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Proving using calculus without trig identity

  1. Feb 23, 2012 #1
    Please I really need help with this hw question

    Prove without trig identity that f`(x)=0 for

    F(x)=Asin^2(Bx+C)+Acos^2(Bx+C)
     
  2. jcsd
  3. Feb 23, 2012 #2
    You're not supposed to use the obvious identity that simplifies this? I suppose you could just use the derivatives of sin and cos along with the chain rule to directly compute the derivative. But eventually you'll need to simplify using some trig identity.
     
  4. Feb 23, 2012 #3
    I can't use trig identy to solve it
     
  5. Feb 23, 2012 #4
    I mean I'm not allowed to
     
  6. Feb 23, 2012 #5

    SammyS

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    What is F'(x) if [itex]F(x)=A\sin^2(Bx+C)+A\cos^2(Bx+C)\,?[/itex]
     
  7. Feb 23, 2012 #6

    eumyang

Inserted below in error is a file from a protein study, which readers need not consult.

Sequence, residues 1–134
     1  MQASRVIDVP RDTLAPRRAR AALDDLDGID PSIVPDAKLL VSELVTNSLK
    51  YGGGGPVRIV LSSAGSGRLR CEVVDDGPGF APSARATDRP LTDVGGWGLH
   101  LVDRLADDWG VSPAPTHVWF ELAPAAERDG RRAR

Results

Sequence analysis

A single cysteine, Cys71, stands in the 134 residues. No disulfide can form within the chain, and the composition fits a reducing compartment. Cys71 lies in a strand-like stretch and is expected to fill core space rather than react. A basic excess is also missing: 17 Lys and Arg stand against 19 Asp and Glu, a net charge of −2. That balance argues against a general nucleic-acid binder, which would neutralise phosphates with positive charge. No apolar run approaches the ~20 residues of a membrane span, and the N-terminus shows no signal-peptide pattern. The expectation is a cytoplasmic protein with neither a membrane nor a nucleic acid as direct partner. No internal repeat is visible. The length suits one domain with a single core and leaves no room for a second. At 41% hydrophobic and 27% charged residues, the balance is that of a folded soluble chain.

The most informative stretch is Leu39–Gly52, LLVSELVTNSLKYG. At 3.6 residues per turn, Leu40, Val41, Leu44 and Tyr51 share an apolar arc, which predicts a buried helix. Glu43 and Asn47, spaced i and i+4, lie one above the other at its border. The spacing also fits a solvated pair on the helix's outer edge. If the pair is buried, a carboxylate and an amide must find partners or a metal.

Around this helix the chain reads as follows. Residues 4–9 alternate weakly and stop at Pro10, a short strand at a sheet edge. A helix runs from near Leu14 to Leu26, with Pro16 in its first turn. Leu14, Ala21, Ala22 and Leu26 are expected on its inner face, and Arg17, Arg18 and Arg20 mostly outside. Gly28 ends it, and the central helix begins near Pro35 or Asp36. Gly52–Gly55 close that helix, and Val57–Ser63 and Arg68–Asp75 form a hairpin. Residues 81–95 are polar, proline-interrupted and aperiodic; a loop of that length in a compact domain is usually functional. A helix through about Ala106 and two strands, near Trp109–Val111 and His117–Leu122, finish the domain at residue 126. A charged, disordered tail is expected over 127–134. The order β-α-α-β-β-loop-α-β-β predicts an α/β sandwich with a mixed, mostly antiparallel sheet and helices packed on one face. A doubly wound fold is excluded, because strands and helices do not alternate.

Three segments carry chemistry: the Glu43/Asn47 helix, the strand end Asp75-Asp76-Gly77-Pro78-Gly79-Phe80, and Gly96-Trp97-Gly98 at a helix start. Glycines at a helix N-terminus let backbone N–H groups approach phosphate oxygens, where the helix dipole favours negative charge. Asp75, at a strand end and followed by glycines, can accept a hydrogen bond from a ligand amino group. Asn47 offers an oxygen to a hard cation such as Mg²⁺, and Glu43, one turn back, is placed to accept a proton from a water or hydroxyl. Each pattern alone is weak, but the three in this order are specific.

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    Are you sure? I was able to get F'(x) = 0 by using the chain rule, and yet I didn't use any trig identity.
     
  8. Feb 26, 2012 #7
    could you please send me your working for this question??
     
  9. Feb 26, 2012 #8
    It's really simple - just use chain rule to take the d/dx of the whole expression. No trig or any other kinds of tricks necessary. Are you familiar with the use of chain rule?
     
  10. Feb 26, 2012 #9

    Mark44

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    This is not permitted at Physics Forums - don't even ask.
     
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